For larger custom audio and video stories, like the “I have a dream” project, we’re using the Popcorn.js library to synchronize media with layers of context and interactive elements.


We added popup explanations and links throughout the speech.


We were definitely inspired by NPR’s “Lost and Found” project, created by Claire O’Neill and Wes Lindamood. “Lost and Found” tells the story of the obscure but masterful photographer Charles Cushman by synchronizing a radio story with a portfolio of Cushman’s photos.

The project used Popcorn.js to synchronize the audio with photographs and text. According to the website, “Popcorn.js is an HTML5 media framework written in JavaScript for filmmakers, web developers, and anyone who wants to create time-based interactive media on the web.”

Using Popcorn.js you can include a variety of plugins for synchronizing different types of content—like images, wikipedia articles and maps—with audio or video. For this project I stuck with the popcorn.code.js plugin, which allows you to easily execute JavaScript at specific times during the audio or video.

var p = Popcorn( "#video" )
  start: 3,
  end: 8,
  onStart: function( options ) {
  alert('Insert your JavaScript magic here');

When the video reaches the 3-second mark, the browser executes whatever JavaScript you’ve included.

Scrolling with Skrollr

A parallax site features different elements appearing on the screen and moving at different speeds as the user scrolls down the page. Over the last year, we’ve seen a number of journalism stories told with parallax scrolling, from ESPN’s story on Dock Ellis to La Tercera’s story on the 40th anniversary of the Chilean military coup.

At ODDI, we’ve also been interested in using parallax scrolling for storytelling. As an added challenge, we decided to create a story where the scrolling was driven by the video.

We experimented with a number of different parallax libraries. Ultimately we decided on Skrollr.js for the following reasons:

  • It has a proven track record for professional projects (inside journalism and out).
  • It played nicely with our CMS.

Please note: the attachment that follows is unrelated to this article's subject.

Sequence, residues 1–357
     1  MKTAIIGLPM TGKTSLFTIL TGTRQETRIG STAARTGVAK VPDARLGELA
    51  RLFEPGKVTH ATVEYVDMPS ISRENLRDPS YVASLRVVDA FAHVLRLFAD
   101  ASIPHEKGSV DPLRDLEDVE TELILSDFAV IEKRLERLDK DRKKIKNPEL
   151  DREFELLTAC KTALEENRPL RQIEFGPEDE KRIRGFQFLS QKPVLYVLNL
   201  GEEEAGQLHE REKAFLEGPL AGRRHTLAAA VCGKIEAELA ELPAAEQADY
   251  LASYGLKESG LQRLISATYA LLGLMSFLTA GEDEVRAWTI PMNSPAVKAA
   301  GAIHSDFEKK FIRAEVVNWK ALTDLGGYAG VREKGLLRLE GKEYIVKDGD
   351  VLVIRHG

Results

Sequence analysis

• It supports mobile (which wasn’t a priority for this project, but it’s nice to know for the future).
  • Several tutorials are available here, here and here.
  • It has a simple, familiar syntax (most of the action is handled by CSS-like attributes).

The animation is defined by “data-#” attributes in the HTML tags. Any CSS attribute can be animated over time.

< div id="king_cutout" data-100="opacity:0;top:-100px;" data-500="opacity:1;top:50px;">
    < img src="../img/photo.png"/>

In this example, when the the scroll position is 100 (“data-100″), the opacity is 0 (invisible) and the position is -100px (off screen). As the user scrolls to 500 (“data-500″) the image fades in to an opacity value of 1 and moves down to 50px from the top of browser. Positions can be described in pixels or percentages, but you’ll need to use consistent units across the entire animation.


We used PopcornJS to synchronize subtitles and kinetic type.

Creating Subtitles with TabletopJS + GoogleDocs

One of our major goals for this project was to include subtitles for King’s speech. I wrote about using Google spreadsheets and TabletopJS to support translations in a previous post. The idea here is very similar.

I started off with a spreadsheet page in English that includes the speech broken up into sentences. I added a column to timecode each block of text by seconds. I then create a separate page for each translation.

There’s a quick and dirty solution for translating a spreadsheet. You can use Google Translate to translate cells in a google spreadsheet.


“English” = the name of the spreadsheet page source (optional)
“B3″ = the cell source of the text
“en” = English, the language you’re translating from
“zh-CN” = the language code for the language we’re translating into (simplified Chinese)

This technique offers varying degrees of success. Google Translate appears to work better for western languages (Here’s a link to the Spanish version translated by Google). But regardless, it offers a starting point and is a very quick way of translating the speech into dozens of languages. For a public facing project we would still rely on human translator to provide an accurate translation.


Map overlays were used to show the path of the protesters and places mentioned in King’s speech.

…But Wait, There’s More

Since we’re already loading in a Google spreadsheet, I decided to use a spreadsheet page to handle the timing and locations for the scrolling.

Rather than manually creating a separate popcorn.code.js event for each scroll, I added a spreadsheet page with the start times, end times, scroll position and length of time for each scroll. Then I created a loop that runs through the page to create the code events. This made it significantly easier to add and edit times without having to update the JavaScript file.

var numberOfScrolls = scrollData.length;
//scrollData is the data that was loaded in by TabletopJS
var scrolls_array = [];
for (i=0;i<numberOfScrolls;i++){
 var startTime=Number(scrollData[i].starttime);
 var endTime=Number(scrollData[i].endtime);
 var scrollPosition=Number(scrollData[i].scrollpos);
  start: startTime,
  end: endTime,
  paragraphID: scrolls_array[i],
  scrollPos: scrollPosition,
   var currentElem = options.paragraphID;
   s.animateTo(options.scrollPos, {duration:1000});

Future Storytelling Opportunities